SEO QUESTIONS: How do I create a duplicate of my US site for Australia?

SEO QUESTIONS: How do I create a duplicate of my US site for Australia?

The next in my series of quick and easy SEO Question and Answer blogs: this one via email from Samantha who runs a health and fitness website.

SEO question:

“We’re planning to launch an Australian .com.au version of our .com site and want to understand the impact that duplicate content could have on our Search Engine ranking. What’s the best way of doing this?”

Short answer:

Choose the correct region targeting and have accurate hreflang tags on both websites and you should be fine.

Long answer:

We all know that Google frowns on duplicate content, that’s why we have to ensure we don’t copy title tags, meta descriptions and content from page to page. Each page of your website should be unique.

So if you’re creating an Aussie version of a US site – do you need to change every word to ensure you don’t get ‘bashed’ for duplicate content? Or can you just clone the lot and be done with it.

Well yes and no.

  • Ideally you should be tailoring your content for the audience that’s reading it and I don’t mean just changing the spelling of color to colour. The Australian audience has different needs, cultural references, and arguably sense of humour to a US audience – so you ought to rework your content – that way it’s better for your readers and there’s no chance of duplication.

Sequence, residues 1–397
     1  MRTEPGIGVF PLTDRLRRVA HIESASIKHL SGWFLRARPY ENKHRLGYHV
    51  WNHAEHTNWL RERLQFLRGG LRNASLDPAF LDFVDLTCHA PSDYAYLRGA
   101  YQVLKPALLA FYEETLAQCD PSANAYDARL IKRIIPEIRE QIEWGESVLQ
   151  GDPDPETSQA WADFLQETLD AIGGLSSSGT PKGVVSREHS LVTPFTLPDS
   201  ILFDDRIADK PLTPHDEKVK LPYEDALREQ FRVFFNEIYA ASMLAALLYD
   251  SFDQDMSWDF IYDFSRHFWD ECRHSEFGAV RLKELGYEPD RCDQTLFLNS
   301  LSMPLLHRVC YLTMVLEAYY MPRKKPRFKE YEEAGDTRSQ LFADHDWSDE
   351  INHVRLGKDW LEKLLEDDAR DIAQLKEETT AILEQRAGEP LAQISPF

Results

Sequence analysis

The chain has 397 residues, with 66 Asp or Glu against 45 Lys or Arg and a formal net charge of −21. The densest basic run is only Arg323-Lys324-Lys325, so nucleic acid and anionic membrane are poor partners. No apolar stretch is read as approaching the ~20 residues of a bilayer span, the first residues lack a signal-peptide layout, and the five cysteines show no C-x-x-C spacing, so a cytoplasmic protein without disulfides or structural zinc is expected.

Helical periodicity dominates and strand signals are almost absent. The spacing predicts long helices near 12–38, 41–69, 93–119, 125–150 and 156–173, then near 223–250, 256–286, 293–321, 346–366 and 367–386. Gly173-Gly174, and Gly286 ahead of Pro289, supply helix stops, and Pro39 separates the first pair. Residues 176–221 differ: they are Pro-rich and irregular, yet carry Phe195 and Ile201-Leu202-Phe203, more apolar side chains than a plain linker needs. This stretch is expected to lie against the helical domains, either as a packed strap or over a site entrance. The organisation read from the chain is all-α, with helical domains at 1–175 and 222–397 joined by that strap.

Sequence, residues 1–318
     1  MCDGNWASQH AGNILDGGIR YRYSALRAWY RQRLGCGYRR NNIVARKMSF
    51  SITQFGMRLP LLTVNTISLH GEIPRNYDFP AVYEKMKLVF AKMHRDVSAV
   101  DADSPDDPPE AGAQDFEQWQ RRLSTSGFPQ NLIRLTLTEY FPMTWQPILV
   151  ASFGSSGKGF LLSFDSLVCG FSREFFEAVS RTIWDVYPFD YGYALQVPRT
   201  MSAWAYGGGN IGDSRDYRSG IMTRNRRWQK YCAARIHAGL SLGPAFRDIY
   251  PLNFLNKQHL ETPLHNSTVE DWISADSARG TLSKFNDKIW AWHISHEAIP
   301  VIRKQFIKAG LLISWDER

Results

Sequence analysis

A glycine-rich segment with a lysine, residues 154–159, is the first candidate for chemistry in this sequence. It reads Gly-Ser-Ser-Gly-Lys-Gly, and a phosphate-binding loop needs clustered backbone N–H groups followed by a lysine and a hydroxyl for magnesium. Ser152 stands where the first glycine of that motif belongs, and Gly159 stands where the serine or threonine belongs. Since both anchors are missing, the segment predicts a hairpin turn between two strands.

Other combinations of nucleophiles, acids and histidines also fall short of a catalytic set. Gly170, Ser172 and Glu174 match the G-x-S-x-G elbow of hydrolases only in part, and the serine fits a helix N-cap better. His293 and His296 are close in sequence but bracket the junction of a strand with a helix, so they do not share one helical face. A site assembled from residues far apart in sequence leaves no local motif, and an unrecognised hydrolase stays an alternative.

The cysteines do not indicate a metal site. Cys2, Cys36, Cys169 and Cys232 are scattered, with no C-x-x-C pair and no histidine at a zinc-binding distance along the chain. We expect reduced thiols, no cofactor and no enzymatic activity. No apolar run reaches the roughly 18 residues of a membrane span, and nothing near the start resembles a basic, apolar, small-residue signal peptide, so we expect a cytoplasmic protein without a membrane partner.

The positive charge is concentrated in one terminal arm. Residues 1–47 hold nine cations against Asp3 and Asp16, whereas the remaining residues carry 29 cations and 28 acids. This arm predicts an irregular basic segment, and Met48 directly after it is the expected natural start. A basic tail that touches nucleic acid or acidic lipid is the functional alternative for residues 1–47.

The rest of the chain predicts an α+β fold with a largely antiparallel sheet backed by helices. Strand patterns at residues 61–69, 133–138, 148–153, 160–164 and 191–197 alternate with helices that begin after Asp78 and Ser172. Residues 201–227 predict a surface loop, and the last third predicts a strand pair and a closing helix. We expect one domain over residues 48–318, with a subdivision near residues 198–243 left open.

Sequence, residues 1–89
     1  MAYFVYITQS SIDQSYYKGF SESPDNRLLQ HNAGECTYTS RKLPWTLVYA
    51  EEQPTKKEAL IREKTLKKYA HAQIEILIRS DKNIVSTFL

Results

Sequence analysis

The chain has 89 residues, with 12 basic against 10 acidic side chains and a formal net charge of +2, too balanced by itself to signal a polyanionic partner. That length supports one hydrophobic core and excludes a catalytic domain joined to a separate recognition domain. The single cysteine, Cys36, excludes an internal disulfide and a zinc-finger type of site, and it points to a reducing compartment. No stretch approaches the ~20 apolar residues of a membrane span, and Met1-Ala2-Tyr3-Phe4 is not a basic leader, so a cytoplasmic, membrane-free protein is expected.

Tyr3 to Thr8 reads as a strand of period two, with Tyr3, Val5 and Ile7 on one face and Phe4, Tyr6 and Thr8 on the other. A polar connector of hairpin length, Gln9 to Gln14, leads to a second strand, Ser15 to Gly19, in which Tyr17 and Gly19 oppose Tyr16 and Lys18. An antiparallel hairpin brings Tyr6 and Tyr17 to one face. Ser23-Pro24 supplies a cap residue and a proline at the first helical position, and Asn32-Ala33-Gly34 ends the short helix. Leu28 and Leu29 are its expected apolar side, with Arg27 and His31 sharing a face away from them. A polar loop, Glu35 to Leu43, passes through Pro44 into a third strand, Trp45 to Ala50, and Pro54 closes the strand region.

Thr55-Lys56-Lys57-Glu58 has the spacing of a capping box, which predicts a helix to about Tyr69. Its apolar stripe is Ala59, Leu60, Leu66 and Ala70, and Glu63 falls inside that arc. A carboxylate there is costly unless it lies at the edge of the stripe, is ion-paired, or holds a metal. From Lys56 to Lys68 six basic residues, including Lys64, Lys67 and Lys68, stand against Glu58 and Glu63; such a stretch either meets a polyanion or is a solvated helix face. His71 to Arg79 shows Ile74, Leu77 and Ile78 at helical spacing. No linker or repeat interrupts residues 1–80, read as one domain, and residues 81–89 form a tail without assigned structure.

• If reworking the content is not an option for budget reasons then you should at the very least set your Google Web Toolkit targeting and ensure your hreflang tag is accurate.

The truth is that if you don’t adjust your content and only rely on coding then I don’t think you’ll see the search rankings you need, and more importantly when people hit the site there will be a disconnect if the content isn’t tailored.

I always like to get a second opinion on these issues so I sought out the some clever SEO brains who said this:

“From research I came to the conclusion that duplication issues come from a search result filter that stops duplicate or very similar content being shown twice in the same search result. If you duplicate over different regions this shouldn’t be a problem, as they’re not directly competing for the same results. If there is contention the hreflang is there to help.

Tony McCreath

Jacek Wieczorek pointed me in the direction of this great article on using the correct hreflang tag – which includes a cool generator tool

And I’d also like to give a shout out to James Norquay , Jason Mun and Tom Johns for their help with confirming my thinking for this article.

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